The FLSA requires employers to pay a minimum hourly wage, 29 U.S.C. § 206(a), and overtime wages equal to one and one-half times the employee's regular rate for all work performed in excess of 40 hours per week, 29 U.S.C. § 207(a). Where an employee resides on an employer's premises or works at home, a Department of Labor regulation interpreting the FLSA provides guidance in determining the number of hours worked. It states that An employee who resides on his employer's premises on a permanent basis or for extended periods of time is not considered as working all the time he is on the premises. Ordinarily, he may engage in normal private pursuits and thus have enough time for eating, sleeping, entertaining, and other periods of complete freedom from all duties when he may leave the premises for purposes of his own. It is, of course, difficult to determine the exact hours worked under these circumstances and any reasonable agreement of the parties which takes into consideration all of the pertinent facts will be accepted. This rule would apply, for example, to the pumper of a stripper well who resides on the premises of his employer and also to a telephone operator who has the switchboard in her own home.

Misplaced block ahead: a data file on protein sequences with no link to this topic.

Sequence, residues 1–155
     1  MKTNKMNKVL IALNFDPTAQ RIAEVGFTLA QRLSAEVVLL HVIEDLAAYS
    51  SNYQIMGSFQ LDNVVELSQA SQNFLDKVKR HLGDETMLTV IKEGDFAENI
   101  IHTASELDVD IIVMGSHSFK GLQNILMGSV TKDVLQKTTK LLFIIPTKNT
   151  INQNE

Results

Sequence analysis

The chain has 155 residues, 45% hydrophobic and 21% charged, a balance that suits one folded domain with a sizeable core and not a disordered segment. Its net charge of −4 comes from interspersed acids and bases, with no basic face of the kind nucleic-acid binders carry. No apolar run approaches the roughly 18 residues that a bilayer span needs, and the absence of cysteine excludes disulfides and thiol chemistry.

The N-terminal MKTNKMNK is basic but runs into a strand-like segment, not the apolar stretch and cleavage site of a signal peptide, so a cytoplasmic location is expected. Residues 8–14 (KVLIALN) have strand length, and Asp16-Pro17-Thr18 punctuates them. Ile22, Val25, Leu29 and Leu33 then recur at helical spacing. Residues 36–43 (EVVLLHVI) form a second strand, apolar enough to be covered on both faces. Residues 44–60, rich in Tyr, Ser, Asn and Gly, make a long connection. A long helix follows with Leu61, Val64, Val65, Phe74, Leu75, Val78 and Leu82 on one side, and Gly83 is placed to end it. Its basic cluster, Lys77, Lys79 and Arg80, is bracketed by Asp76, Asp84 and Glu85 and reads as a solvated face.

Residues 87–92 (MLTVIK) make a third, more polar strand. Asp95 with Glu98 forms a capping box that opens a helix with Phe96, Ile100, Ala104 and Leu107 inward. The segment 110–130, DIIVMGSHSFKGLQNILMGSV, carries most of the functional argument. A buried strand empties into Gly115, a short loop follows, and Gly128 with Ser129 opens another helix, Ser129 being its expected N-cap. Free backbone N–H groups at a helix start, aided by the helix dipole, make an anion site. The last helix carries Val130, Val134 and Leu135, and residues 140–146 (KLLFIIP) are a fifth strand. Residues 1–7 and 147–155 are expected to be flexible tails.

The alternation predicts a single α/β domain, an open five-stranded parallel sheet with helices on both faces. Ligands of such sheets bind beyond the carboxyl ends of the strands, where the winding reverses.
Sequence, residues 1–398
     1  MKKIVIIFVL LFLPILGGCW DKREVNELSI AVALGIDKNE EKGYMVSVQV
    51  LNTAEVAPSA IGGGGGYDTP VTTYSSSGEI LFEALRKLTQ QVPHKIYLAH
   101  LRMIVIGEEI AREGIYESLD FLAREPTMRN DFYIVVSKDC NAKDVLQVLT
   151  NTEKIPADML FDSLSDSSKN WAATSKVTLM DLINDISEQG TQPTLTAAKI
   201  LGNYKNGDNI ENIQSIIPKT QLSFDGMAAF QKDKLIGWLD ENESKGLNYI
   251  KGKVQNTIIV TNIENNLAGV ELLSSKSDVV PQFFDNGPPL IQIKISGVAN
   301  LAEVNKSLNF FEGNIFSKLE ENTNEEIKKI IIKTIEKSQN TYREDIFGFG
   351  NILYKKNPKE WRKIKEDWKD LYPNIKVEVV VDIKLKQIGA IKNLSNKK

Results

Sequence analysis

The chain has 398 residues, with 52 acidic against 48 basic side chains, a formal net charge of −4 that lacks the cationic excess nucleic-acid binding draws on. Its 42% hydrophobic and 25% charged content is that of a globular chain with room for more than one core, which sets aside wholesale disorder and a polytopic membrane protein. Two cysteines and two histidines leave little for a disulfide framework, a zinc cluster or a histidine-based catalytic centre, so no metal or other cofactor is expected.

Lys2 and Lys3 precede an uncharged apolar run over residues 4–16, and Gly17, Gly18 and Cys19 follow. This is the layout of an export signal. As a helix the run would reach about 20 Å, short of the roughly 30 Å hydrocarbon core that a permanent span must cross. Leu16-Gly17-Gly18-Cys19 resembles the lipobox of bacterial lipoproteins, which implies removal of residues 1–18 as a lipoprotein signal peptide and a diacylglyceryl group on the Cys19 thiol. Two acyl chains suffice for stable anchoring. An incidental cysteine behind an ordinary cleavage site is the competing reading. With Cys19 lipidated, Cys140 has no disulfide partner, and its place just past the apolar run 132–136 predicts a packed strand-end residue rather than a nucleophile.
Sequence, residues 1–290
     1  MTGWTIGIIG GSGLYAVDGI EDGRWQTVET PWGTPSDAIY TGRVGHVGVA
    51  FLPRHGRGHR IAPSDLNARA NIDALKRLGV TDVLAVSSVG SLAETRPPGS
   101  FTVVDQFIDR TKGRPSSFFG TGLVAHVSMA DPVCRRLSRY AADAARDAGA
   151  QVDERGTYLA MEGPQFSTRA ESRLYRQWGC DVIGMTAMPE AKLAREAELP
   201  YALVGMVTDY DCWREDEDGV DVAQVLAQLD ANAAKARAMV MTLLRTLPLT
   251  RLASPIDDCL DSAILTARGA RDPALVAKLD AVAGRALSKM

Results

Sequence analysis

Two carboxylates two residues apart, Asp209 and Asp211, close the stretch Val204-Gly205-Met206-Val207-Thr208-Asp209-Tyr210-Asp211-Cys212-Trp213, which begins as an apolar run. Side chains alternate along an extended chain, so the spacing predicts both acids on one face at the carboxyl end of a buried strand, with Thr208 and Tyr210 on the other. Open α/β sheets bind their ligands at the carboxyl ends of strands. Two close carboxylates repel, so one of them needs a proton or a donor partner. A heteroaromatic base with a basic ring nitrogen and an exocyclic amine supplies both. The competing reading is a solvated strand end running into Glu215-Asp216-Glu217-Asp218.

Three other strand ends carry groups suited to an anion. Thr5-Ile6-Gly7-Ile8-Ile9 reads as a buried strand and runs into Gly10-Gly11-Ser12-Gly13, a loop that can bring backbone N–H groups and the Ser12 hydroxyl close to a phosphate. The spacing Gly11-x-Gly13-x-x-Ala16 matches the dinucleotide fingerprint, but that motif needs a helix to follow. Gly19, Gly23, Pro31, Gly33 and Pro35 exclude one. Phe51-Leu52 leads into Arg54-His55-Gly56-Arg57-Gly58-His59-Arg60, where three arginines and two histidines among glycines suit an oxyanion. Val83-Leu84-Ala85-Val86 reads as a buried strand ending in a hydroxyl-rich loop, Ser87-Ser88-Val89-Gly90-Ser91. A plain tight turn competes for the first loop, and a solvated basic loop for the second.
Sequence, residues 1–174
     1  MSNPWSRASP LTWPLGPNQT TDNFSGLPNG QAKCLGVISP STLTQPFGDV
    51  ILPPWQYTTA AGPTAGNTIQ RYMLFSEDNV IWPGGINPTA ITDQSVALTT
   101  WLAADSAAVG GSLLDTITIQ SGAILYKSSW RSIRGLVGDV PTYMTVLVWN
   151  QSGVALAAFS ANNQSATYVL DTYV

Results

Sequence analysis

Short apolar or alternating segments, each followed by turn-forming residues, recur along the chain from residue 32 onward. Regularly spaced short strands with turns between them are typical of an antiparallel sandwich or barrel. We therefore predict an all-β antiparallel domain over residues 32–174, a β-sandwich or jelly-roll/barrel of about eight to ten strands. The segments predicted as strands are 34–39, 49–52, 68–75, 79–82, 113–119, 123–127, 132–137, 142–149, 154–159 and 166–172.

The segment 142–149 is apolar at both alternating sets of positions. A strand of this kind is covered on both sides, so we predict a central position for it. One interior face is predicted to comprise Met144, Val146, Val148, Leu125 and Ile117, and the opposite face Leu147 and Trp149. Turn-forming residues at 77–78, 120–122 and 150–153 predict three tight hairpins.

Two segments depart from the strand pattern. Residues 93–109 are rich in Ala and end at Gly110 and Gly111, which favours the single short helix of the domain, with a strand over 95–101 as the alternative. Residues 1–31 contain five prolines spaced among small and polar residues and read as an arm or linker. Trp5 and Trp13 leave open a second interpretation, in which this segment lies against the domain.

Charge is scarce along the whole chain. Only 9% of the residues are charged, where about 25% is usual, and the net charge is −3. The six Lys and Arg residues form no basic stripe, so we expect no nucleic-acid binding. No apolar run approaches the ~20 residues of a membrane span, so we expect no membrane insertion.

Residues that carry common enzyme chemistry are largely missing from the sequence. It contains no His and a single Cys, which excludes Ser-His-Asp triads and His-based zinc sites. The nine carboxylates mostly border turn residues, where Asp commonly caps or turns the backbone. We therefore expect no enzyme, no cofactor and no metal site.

29 C.F.R. § 785.23. In her deposition, Oliver testified that during her 24-hour shifts she was permitted to have visitors, read books, surf the internet, and watch television, and that she slept five to seven hours per shift. (Doc. 35-1 at 47-50). The Defendants characterize 29 C.F.R. § 785.23 as an exception to the FLSA's overtime requirements, and argue that Oliver's "admissions" about being able to engage in these personal pursuits at work shows that she meets the requirements for it. However, the Defendants mischaracterize the regulation. By its plain language, it deals with calculating the number of hours worked by an employee, not the applicability of the overtime provisions of the FLSA. Regardless of her deposition testimony, the regulation does not provide a basis for concluding that she was not entitled to time and a half for those weeks where she worked more than 40 hours.

Turning to a recognized exception, 29 U.S.C. ยง 213 provides that the FLSA's minimum wage and overtime provisions do not apply to any employee employed on a casual basis in domestic service employment to provide baby-sitting services or any employee employed in domestic service employment to provide companionship services for individuals who (because of age or infirmity) are ...